Antibiotic resistance is ancient, according to articles in Nature doi:10.1038/nature10388 and ScienceNOW 31 August 2011, and ABC News in Science 1 September 2011. Antibiotic resistant bacteria are often presented as evidence for evolution, especially as some of the tougher hospital “superbugs” are resistant to modern day man-made antibiotics. A group of Canadian researchers have analysed bacterial DNA from samples obtained from deeply buried frozen soil, dated at 30,000 years, from the Yukon Territory in Canada. The team took great care to ensure their samples were not contaminated with modern day bacteria and to confirm their samples were from well before the pre-antibiotic era they looked for and found DNA from extinct animals such as bison and mammoths, and from grasses that no longer grow there. The scientists found parts of genes for resistance to penicillin, tetracycline and vancomycin. The research team inserted the vancomycin resistant gene into modern day bacteria to see if it was the same as a modern-day hospital superbug and found it “showed the same activity and had almost the same structure as its modern counterpart”. They concluded: “These results show conclusively that antibiotic resistance is a natural phenomenon that predates the modern selective pressure of clinical antibiotic use”.

Gerard Wright McMaster University, who led the study, commented: “My guess would be that all the resistance elements we see today, we would probably find if we had the right tools. Most pathogenic (disease causing) organisms are not terribly drug resistant … in comparison to environmental bacteria we study; yet with use of antibiotics they have been able to acquire these genes that are out there. The environment seems to be this great reservoir of resistance genes that can eventually end up in the clinic”. The new results raise questions about the role of antibiotics and antibiotic resistance in the environment. Wright suggested: “It turns out that low doses of molecules that we call antibiotics don’t necessarily kill bacteria, but trigger all kinds of fascinating reactions from gene expression to changing cell shape and maybe communication”.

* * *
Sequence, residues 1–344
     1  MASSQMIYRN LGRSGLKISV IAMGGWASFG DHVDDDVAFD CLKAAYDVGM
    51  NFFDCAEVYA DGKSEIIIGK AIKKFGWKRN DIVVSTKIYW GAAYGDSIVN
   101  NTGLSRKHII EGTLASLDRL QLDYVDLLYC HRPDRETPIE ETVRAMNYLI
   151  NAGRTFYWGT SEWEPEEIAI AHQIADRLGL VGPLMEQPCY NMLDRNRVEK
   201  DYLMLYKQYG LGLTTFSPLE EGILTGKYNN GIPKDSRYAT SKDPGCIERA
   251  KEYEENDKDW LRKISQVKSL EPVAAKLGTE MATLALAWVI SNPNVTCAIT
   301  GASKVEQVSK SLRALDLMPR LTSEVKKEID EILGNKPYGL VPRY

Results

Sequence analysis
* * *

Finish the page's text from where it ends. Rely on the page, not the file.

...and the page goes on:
Editorial Comment: Wow – we have been saying this for 30 years and so did my non-creationist Genetics professor when this editor was a university student. These results are yet another example of evolutionary theory being useless to science. Antibiotic resistance is often presented as an example of evolution happening before our eyes, and it is even given as a reason why evolution should be taught in medical schools. However, as these results show, antibiotic resistance is a pre-existing built-in function that did not evolve in response to human use of antibiotics. It will be interesting to see the results of further research into the function of antibiotics and resistance out in the environment studied by Wright and his colleagues. We predict it will reveal more functions that owe nothing to the theory of evolution, but provide more evidence that bacteria are complex creations designed to interact with other living things.

The rise of antibiotic resistance in hospitals is an example of selection, but selection is not the same as evolution. Antibiotic use by humans has just selected out, i.e. eliminated, the non-resistant strains. The bacteria that were already resistant have survived and reproduced and became dominant in places where there were lots of antibiotics being used. (Ref. microbiology, bacteriology, ecology, prediction)

Evidence News 7 September 2011